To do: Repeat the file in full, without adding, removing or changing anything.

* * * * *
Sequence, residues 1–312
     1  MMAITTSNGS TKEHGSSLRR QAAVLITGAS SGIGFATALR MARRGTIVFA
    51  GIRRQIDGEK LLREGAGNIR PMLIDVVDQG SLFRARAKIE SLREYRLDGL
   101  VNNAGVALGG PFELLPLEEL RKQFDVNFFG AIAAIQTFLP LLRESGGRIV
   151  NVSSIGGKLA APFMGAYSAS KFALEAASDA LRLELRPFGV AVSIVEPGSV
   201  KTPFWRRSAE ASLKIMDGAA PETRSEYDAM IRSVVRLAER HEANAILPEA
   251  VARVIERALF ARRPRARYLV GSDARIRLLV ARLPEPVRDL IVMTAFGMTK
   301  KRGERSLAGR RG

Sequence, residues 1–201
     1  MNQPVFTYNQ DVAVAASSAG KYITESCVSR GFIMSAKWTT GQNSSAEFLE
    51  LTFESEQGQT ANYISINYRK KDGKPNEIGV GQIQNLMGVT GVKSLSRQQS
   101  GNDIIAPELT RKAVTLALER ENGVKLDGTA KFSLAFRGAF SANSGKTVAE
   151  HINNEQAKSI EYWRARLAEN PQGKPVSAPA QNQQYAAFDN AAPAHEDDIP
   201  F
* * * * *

Sequence, residues 1–312
     1  MMAITTSNGS TKEHGSSLRR QAAVLITGAS SGIGFATALR MARRGTIVFA
    51  GIRRQIDGEK LLREGAGNIR PMLIDVVDQG SLFRARAKIE SLREYRLDGL
   101  VNNAGVALGG PFELLPLEEL RKQFDVNFFG AIAAIQTFLP LLRESGGRIV
   151  NVSSIGGKLA APFMGAYSAS KFALEAASDA LRLELRPFGV AVSIVEPGSV
   201  KTPFWRRSAE ASLKIMDGAA PETRSEYDAM IRSVVRLAER HEANAILPEA
   251  VARVIERALF ARRPRARYLV GSDARIRLLV ARLPEPVRDL IVMTAFGMTK
   301  KRGERSLAGR RG

Sequence, residues 1–201
     1  MNQPVFTYNQ DVAVAASSAG KYITESCVSR GFIMSAKWTT GQNSSAEFLE
    51  LTFESEQGQT ANYISINYRK KDGKPNEIGV GQIQNLMGVT GVKSLSRQQS
   101  GNDIIAPELT RKAVTLALER ENGVKLDGTA KFSLAFRGAF SANSGKTVAE
   151  HINNEQAKSI EYWRARLAEN PQGKPVSAPA QNQQYAAFDN AAPAHEDDIP
   201  F